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Japan Airlines gets first woman president

26 Comments
By MARI YAMAGUCHI

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26 Comments
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It's good for diversity however will that solve all problems that company currently face?

-3 ( +8 / -11 )

Did they do this to have an escape goat? Seems like very strange timing. And pilot error isn’t really management issue is there? Like so many other things I find it odd in timing. How about promoting people in good times? Not after the fact to try to change the topic. And why is the guy still in the middle at the press release I mean wouldn’t you expect the main person to be sat in the middle not the person announcing it??

-1 ( +10 / -11 )

Only in Japan would her gender make the headline.

-8 ( +9 / -17 )

A woman is the perfect sacrificial lamb to face all the problems JAL is facing now, because she won't be as harshly criticized as compared to a male president.

-9 ( +9 / -18 )

More of this, please.

5 ( +13 / -8 )

It's good for diversity however will that solve all problems that company currently face?

diversity should never be a goal. The goal should be to get the best.

if diversity is your focus then you’ve lost already

One can only hope and have faith that JAL didn’t buy into that poisonous ideology and the new current president is the best they could hire

11 ( +17 / -6 )

ATC and the Japan Coast Guard crew will likely be found at fault in the Haneda incident.

JAL has not had a fatal accident since 1985.

What exactly is the crisis in JAL safely?

13 ( +13 / -0 )

More than one newspaper venue told readers in the headline that she was a former flight attendant. And then largely glossed over mention of her experience, which seems to show considerable management experience within the company, at least according to the airline's PR. https://press.jal.co.jp/en/items/uploads/Press%20memo_Change%20of%20position_FNL.pdf.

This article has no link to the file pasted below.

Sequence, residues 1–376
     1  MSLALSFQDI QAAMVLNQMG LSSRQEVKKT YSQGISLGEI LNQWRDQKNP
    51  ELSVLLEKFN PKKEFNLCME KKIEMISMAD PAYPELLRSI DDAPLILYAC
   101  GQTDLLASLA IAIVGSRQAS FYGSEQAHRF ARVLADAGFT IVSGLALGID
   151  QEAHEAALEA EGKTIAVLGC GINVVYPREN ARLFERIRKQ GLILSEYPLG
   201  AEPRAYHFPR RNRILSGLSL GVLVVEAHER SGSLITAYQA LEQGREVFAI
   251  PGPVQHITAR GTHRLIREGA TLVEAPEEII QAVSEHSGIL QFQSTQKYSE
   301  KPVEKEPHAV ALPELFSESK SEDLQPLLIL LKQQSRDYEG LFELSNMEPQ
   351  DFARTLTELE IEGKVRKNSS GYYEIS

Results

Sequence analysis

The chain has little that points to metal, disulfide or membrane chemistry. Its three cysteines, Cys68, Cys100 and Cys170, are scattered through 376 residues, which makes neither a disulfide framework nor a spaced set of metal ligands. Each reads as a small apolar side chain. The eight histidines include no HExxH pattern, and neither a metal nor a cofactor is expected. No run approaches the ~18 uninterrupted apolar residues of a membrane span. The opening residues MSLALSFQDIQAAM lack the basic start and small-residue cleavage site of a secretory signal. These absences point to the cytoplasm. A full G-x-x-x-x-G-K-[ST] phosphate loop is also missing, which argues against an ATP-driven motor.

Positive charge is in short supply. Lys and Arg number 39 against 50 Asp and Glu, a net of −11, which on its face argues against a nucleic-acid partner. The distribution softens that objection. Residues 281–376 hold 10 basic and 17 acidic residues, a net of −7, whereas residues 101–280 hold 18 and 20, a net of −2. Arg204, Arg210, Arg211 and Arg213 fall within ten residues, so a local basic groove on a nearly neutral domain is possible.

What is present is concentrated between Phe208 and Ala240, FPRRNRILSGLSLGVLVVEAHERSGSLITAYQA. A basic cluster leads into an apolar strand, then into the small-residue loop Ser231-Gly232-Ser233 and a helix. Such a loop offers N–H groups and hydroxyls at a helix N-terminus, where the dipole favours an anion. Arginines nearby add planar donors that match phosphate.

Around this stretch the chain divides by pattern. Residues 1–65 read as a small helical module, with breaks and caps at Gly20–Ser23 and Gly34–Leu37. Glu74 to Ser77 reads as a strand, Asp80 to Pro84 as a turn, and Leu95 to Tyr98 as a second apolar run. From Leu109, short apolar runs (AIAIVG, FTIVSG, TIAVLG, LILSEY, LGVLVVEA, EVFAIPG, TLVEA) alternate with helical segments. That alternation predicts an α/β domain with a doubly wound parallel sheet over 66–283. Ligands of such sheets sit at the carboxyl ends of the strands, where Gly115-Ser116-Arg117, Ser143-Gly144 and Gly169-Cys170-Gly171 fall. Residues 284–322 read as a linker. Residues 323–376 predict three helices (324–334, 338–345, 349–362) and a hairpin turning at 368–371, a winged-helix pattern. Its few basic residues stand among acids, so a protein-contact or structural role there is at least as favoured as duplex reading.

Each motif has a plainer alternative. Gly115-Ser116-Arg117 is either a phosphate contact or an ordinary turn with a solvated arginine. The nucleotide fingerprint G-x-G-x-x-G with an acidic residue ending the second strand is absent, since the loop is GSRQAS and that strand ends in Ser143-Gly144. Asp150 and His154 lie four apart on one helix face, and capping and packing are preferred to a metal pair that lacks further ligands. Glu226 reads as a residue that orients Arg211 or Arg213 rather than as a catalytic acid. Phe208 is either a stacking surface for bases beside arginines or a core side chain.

7 ( +8 / -1 )

One can only hope and have faith that JAL didn’t buy into that poisonous ideology and the new current president is the best they could hire

I take it you haven't heard how about the FAA's diversity guidelines: https://archive.ph/mlxrh

-2 ( +4 / -6 )

We all know she isn't really in charge though. There is bound to be a man calling the shots closeby in the background.

-13 ( +2 / -15 )

Congratulations. Tottori joined JAL in 1985, gaining almost 40 years of experience in the airline. She has been acknowledged as managing the COVID disruption very well.

11 ( +11 / -0 )

Only in Japan would her gender make the headline.

Yeah it's well known that every other countries have full gender equality in terms of CxO representation. But I understand your comment, Japan is far down the list.

Anyhow kudos to her for climbing the ranks from flight attendant to CEO!

5 ( +7 / -2 )

We all know she isn't really in charge though. There is bound to be a man calling the shots closeby in the background.

Yes, you are correct, the position is called the chairman of the board. It works the same in the west.

3 ( +5 / -2 )

Good news and about time. Many commentators above claim JAL is awash in troubles but I don't think that's really the case. They're doing all right. I'd love to see many more women on their board of directors. It's time for the all-mens club to disband and bring in the brightest and the best. Not only JAL.

6 ( +8 / -2 )